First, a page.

THE PLACE TO GO WHEN YOU CAN'T GO BACKPACKING

Author

James Robberson

James Robberson has 5 articles published.

Washington Hikes for Visitors of All Abilities

in Trails by
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As hikers, we feel compelled to send out pictures of the beautiful places we’ve seen in our backcountry travels. As hosts, we feel compelled to take our guests to these places if they’ve requested to see them. But as hikers we’ve all struggled to find the right hikes for our visiting friends and family with varying fitness levels. Fear not, we’ve created a list that will help you settle on a Washington hike that is just right for the wide range of visitors you’ve let move into your guest room.

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If your guest:

Spends most of their days killing aliens from the stained couch of their living room command center, has ordered pizza after midnight at least twice in the last seven days, takes the elevator instead of the stairs up a single floor, considers a trek out to the mailbox the prerequisite amount of physical activity for one day and probably won’t die from a bit of exercise…

Take them to:

Mt. Rainier and do the Borough Mountain hike. This is a late summer hike that starts from the Rainier Gift Shop at the top of Sunrise (plenty of trinkets and bags of Cheetos), wonders by a neon blue lake fed by melting glaciers and ends up on top of Borough Mountain One where the views are monumental. Since it’s an out and back treck, this hike can be as long or short as you want it, so you can always abort if video game withdrawal kicks in. To hike to the top of Borough One prep your guest for about 5.4 miles and 1,000 feet of elevation. Pack a lunch, because you’ll want to stay and enjoy the top for a while and bring an extra set of poles, because lingering snow can make the trail a little sketchy.

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If your guest:

Spends most of their days sitting at a desk typing TPS reports, has been to the gym at least twice in the last seven days, has been thinking about running a 10k for the past five years but has never actually gone through with it and orders skinny lattes and sandwiches with no cheese…

Take them to:

Mt. Rainier and hike the Spray Park Loop. This hike opens up after July 4th and is a bit of a drive from Seattle, but it’s worth the car time. The hike starts at Mowich Lake, a huge alpine lake that captures pristine reflections of Rainier. The trail rambles up through an old growth forest to an alpine meadow at the base of the mountain where the wildflowers are as dense as tourists at the original Starbucks; and not once will you encounter a PC Load Letter error. To reach the alpine fields you’ll cover a distance of roughly 7.0 miles and gain about 1,000 feet of elevation.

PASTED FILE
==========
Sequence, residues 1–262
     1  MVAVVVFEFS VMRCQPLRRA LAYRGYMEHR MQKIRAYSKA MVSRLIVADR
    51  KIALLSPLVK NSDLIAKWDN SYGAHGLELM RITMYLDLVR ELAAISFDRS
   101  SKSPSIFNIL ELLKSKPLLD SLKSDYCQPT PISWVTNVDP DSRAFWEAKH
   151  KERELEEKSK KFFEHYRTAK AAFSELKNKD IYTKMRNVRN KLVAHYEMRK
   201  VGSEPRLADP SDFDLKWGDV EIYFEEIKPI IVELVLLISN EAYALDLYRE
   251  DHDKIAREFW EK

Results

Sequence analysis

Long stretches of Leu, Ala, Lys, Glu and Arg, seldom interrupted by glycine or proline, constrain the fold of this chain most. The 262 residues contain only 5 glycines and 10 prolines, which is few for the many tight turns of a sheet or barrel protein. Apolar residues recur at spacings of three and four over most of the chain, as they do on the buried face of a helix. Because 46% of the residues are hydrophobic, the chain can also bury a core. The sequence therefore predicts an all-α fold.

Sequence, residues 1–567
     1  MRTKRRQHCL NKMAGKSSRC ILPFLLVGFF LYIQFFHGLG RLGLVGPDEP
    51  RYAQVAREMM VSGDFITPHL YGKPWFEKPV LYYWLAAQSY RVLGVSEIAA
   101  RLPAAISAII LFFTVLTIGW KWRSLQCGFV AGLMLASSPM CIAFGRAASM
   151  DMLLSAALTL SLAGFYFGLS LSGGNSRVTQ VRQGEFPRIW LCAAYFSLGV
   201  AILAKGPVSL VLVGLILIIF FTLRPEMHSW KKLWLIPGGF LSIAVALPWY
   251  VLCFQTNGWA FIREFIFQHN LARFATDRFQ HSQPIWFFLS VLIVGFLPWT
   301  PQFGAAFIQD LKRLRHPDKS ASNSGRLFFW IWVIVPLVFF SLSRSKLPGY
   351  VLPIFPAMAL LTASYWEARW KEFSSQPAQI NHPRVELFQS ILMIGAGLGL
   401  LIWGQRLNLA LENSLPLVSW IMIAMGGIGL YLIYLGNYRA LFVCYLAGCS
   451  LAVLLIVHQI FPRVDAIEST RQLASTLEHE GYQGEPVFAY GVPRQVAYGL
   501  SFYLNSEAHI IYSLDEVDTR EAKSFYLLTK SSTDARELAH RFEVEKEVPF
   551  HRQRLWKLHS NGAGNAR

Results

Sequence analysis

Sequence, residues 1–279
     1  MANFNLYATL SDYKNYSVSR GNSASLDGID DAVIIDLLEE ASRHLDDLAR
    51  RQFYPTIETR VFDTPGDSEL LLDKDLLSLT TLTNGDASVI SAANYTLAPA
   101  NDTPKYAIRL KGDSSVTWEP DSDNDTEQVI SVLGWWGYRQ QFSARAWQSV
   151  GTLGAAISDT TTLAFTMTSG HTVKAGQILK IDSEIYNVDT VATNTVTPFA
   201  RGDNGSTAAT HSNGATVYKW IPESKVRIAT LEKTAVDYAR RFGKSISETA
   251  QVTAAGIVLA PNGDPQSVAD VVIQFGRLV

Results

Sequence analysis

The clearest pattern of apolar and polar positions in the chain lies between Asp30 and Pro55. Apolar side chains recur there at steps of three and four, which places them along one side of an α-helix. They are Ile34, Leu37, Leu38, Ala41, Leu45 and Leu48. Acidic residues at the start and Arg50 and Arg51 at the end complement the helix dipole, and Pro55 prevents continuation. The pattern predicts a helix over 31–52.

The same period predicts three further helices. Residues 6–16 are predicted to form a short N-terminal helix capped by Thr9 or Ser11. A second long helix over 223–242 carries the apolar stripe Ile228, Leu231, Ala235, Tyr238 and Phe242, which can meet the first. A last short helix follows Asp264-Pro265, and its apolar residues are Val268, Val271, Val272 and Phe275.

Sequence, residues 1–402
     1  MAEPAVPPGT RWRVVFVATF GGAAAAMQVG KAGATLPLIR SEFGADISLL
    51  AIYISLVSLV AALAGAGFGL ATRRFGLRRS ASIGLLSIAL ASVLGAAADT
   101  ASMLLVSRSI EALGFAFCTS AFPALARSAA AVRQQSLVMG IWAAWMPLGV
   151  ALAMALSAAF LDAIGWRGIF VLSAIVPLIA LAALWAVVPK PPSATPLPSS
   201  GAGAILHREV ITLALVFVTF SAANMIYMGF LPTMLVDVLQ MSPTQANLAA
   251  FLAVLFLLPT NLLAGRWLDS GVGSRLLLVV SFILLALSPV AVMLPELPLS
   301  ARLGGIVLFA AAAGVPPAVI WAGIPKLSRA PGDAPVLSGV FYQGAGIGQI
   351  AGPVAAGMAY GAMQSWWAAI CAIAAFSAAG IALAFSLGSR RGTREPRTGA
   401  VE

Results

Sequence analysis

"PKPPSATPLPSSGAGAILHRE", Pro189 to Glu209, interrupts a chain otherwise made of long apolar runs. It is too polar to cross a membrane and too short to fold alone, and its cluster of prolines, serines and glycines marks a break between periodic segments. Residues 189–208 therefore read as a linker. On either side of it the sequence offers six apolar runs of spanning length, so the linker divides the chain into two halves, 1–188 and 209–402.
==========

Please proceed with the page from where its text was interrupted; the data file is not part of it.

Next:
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If your guest:

Spends most of their days gardening or knitting, remembers the days of external frame backpacks and canvas tents, likes to tell you stories of how they used to run seven miles a day when they were your age, and still has that mental toughness to bag a fairly difficult hike…

Take them to:

Mt. Baker and hike the Park Butte Trail. The hike starts low and winds through some beautiful open scenery, then crosses a glacial stream and begins gaining elevation pretty quickly. This is a steeper hike, so you’ll need to take it slow, but once you exit the forest the views open up on Mount Baker in all its glory. To get to the top you’ll cover 5.0 mile and gain 2,000 feet of elevation. Again this is an out and back trek so you can turn around if your guest decides they’d rather be knitting than panting heavily. If they’re still feeling great once your reach the top, you can branch off at a fork in the trail to Railroad Ridge Grade and hike up to a ridge that peers down into the expanse carved by a glacier.

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If your guest:

Has the ironman symbol tattooed somewhere on their body, drinks beverages that look like ground up moss, runs 5 miles before you’ve changed out of your pajamas, and is currently training for their next trip to Leadville…

Take them to:

Mt. Rainier and hike the Wonderland Trail to Indian Bar/Cowlitz Divide. This is another late summer hike, but is far enough out of the way that the crowds are manageable the few months it’s open. The trail begins from the Box Canyon trailhead and climbs precipitously from mile one to mile three. After about three miles you’ll crest the ridge and the climbing will be mostly over. The next four miles you’ll wonder along the ridge with only the views of Rainier to occupy your time. Depending on daylight, you can make this hike as long as you want it to be. If you hike the backcountry ranger station at Indian Bar and turn around you’ll end up tallying about 15 miles and 3,000 feet of elevation gain. Bring something to wash down the huckleberries, because they are thick and untouched in this area.

Trail Personalities Part 2

in Fireside by

You know they’re out there. Here are three more trail personalities.

After countless hours on the trail a hiker begins to notice recurring trail personalities, different individuals with strikingly similar tendencies. My first three have already been revealed. Three more favorites today.